- Flagship phones are getting more expensive
- At the same entry-level prices, phones are getting better
- While the price gap expands, the value gap has shrunk
Opinions are of course subjective, but that’s particularly true for what I’m about to say. Don’t buy a flagship phone. Apple just announced its new lineup of phones, and the iPhone X is a predictably excellent handset. The company continues to top itself each year with a device that’s just shy of the cutting edge, and usually without the unpredictability and issues that turn up on other handsets. But a Rs. 89,000 ($999 in the US) phone is definitely expensive.
Of course, Apple enthusiasts disagree. Here’s a tweet that says: “There’s no way I’m gonna spend a thousand bucks on a product I use nonstop, every second, of every minute of every day. Too wasteful.” Sure, you’ll find people making fun of the iPhone’s price, and plenty of kidney jokes going around, but there are more than a few people who are very seriously looking at this price and arguing that the price is justified.
These are of course rationalisations, but equally, they’re all true. Buy an iPhone and you will use it for longer, and you’ll continue to have a great phone for the whole time that you’re using it. But that doesn’t mean that the iPhone, like other flagship smartphones, is worth your money.
Like other flagships such as the Samsung Galaxy Note 8, the new iPhones are excellent devices whose cameras are hard to match, whose design is top-notch, and which delivery smooth and reliable performance over time. But every new model adds some must-have feature, some new height of performance, and if you’re going to get “value” for your money, then you need to hold on to it for longer, and thus move further from the cutting edge.
Entry level phones are getting better
Up to around three to four years ago, my advice to people was to avoid “budget” Android devices. The compromises this involved were just too many. If you bought a phone for under Rs. 15,000, you’d have to be prepared for weird behaviour such as random reboots, lag, and other problems, plus battery problems and major slowdowns by the time the phone was some six months old.
The Moto G, and then the Xiaomi Mi 4 started to turn things around and opened up the under-Rs. 15,000 segment in 2014; over the next three years, the same thing has happened with the under-Rs. 10,000 segment as well.
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You would have to be a fool to compare the Xiaomi Redmi 4 to the iPhone X, but it’s a far cry from the kind of entry-level phones you had to be wary of. In terms of specifications, the Redmi 4 could give a laptop a run for its money, with a 1.4GHz octa-core processor, not to mention 3GB of RAM and 32GB of storage, for a phone that will set you back by just about Rs. 9,000.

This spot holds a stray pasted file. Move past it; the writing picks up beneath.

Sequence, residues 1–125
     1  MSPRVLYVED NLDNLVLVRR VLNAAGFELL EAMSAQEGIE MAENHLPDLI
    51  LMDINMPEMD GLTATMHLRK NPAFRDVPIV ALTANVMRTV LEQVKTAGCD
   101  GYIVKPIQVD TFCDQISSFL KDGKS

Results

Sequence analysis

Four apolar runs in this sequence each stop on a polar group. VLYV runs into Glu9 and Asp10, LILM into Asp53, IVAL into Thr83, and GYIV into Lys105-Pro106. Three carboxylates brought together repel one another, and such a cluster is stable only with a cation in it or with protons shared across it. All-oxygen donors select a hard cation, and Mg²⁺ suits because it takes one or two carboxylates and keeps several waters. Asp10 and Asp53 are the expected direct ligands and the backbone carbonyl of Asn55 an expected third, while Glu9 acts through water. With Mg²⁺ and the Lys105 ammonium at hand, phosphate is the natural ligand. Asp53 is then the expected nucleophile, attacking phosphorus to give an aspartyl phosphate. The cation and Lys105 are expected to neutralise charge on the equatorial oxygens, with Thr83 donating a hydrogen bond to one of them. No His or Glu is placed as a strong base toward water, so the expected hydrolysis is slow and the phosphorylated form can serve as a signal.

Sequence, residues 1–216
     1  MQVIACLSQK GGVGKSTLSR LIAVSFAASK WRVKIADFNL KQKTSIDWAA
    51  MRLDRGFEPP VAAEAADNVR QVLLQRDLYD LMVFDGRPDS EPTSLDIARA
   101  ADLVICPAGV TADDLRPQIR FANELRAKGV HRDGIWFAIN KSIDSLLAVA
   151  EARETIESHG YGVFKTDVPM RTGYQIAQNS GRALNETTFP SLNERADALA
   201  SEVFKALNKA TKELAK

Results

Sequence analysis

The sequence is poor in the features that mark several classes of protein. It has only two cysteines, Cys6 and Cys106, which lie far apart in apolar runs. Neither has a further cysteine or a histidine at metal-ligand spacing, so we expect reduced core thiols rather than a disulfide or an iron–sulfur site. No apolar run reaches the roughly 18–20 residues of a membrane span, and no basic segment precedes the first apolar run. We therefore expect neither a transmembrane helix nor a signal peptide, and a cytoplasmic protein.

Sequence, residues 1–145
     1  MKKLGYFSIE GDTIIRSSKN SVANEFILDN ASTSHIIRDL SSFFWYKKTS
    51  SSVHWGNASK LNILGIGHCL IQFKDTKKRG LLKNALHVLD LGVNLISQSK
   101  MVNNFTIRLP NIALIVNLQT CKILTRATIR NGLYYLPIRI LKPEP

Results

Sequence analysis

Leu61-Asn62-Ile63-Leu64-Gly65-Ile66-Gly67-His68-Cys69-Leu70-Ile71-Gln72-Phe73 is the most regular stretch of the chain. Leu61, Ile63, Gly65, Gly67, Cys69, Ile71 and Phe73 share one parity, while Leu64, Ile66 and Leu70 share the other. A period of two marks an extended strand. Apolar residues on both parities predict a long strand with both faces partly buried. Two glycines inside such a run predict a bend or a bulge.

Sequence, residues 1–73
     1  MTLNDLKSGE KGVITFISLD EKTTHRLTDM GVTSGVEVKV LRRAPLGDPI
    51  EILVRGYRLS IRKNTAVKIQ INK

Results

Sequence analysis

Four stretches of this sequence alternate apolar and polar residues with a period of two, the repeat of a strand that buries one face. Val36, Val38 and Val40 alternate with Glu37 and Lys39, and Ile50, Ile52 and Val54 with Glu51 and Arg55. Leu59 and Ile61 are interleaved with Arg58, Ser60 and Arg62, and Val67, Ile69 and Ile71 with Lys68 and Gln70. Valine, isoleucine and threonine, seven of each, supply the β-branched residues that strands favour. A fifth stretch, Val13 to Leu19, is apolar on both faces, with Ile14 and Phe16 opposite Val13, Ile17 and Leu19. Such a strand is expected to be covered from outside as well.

There’s still a huge difference between a flagship device and and entry-level ones, but flagships have gotten more expensive, yet the differences got smaller. The camera is one area where a high end phone is still infinitely better, but if that matters to you, there are other options that can still give you great photos for less.
Having used the Xiaomi Redmi 3S Prime for nearly two years, I’ll vouch that the battery doesn’t drain away significantly more quickly. The phone did however start to lag, and a particularly annoying bug was that the phone would ring, but the screen would not start up, so you couldn’t answer or dismiss the call. The only solution was to wait, while the phone kept ringing. There were times when you’d start typing, and realise that the phone was struggling to catch up, sometimes a full sentence behind.
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These are pretty big problems, but they only appeared 19 months down the line, and as it turns out, they were all resolved with a factory reset. The phone is again running the latest version of software available and everything, from contacts and passwords to text messages and photos were all backed up on the cloud, and restored within minutes of signing into the phone again. The experience is painless, and the result is a phone that honestly feels like new.
So if you’re looking at your highly expensive phone and considering getting yet another one, think about what you really use it for, and how much value it actually provides. The Redmi 3S Prime was my first “budget” phone, and it was a step taken with a little trepidation, but it’s been a great journey, and it saved me around Rs. 50,000. That’s a return ticket to New York if you get a good deal, a trip to a resort in Goa, or a week of fancy living in the hills – so you’ve got to consider what’s more important to you.
There’s no wrong answer – if you believe you’ll be happier with a high-end phone, then that’s a good thing. But if you’re starting to feel pressure from the people around you to get a “real” phone, it’s fine to ignore them, and buy a decent entry-level phone. For most of us, it’s more than good enough.